March 23, 2017
Divided Supreme Court rules cashing a stolen check is “shoplifting” under Prop. 47, allowing for misdemeanor resentencing
In People v. Gonzales, the Supreme Court today holds that, under the four-year-old Proposition 47, entering a bank to cash a stolen check under $950 is now called “shoplifting,” not theft by false pretenses. The nomenclature is important because the change makes the defendant in the case eligible for a sentence reduction. The court’s 5-2 opinion by Justice Carol Corrigan concludes that “shoplifting” no longer means just taking goods from a store. Instead, Proposition 47 “creates a term of art, which must be understood as it is defined, not in its colloquial sense.”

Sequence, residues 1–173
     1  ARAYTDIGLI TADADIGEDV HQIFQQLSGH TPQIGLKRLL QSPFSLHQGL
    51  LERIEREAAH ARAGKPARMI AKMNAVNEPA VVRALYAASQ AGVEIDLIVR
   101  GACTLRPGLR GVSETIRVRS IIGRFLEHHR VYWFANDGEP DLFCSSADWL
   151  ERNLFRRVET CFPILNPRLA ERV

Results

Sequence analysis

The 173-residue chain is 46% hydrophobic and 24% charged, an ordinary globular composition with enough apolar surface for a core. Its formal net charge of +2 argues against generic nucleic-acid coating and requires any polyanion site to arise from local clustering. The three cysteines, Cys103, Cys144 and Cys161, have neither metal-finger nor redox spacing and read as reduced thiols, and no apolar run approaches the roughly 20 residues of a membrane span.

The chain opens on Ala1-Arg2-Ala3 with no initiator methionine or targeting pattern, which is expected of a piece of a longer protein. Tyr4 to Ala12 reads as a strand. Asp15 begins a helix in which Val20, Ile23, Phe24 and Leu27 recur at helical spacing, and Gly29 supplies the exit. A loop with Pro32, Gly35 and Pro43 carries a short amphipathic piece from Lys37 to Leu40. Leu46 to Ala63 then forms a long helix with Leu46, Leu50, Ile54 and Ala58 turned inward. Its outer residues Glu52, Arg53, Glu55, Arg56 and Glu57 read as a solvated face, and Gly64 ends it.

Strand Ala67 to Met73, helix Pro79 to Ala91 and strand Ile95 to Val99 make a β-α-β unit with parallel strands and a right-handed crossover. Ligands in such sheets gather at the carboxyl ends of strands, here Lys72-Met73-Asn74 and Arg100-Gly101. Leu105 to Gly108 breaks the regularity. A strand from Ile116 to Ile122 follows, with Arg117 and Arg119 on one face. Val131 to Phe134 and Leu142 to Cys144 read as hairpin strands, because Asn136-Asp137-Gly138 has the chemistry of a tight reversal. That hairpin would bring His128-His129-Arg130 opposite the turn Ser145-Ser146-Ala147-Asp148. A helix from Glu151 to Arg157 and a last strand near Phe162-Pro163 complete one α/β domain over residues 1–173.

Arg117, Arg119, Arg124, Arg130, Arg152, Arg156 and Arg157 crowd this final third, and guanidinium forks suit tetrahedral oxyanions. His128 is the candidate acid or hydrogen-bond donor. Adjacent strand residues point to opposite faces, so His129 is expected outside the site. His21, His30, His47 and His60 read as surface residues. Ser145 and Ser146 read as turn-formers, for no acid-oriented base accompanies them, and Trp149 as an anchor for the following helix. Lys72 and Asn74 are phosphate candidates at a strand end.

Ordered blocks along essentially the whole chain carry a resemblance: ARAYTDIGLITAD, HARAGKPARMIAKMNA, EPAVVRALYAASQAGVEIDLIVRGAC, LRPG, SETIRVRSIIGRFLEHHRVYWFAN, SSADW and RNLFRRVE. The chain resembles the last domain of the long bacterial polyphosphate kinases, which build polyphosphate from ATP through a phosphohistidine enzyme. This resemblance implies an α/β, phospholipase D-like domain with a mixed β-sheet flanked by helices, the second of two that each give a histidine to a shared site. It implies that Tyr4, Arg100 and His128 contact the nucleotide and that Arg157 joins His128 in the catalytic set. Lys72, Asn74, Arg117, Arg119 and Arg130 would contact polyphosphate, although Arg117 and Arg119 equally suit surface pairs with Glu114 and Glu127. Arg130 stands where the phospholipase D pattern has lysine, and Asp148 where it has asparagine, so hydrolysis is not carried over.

Justice Ming Chin — joined by Justice Goodwin Liu — dissents. He claims that the majority’s statutory interpretation cannot be what the electorate intended, because it modifies the term “shoplifting” “from its commonly understood meaning and expand[s] it beyond all recognition.”
Both the majority and dissenting opinions cite to published Court of Appeal opinions in which the Supreme Court granted review after last July 1. Under a new publication rule, there’s nothing wrong with that.
The court reverses the Fourth District, Division One, Court of Appeal.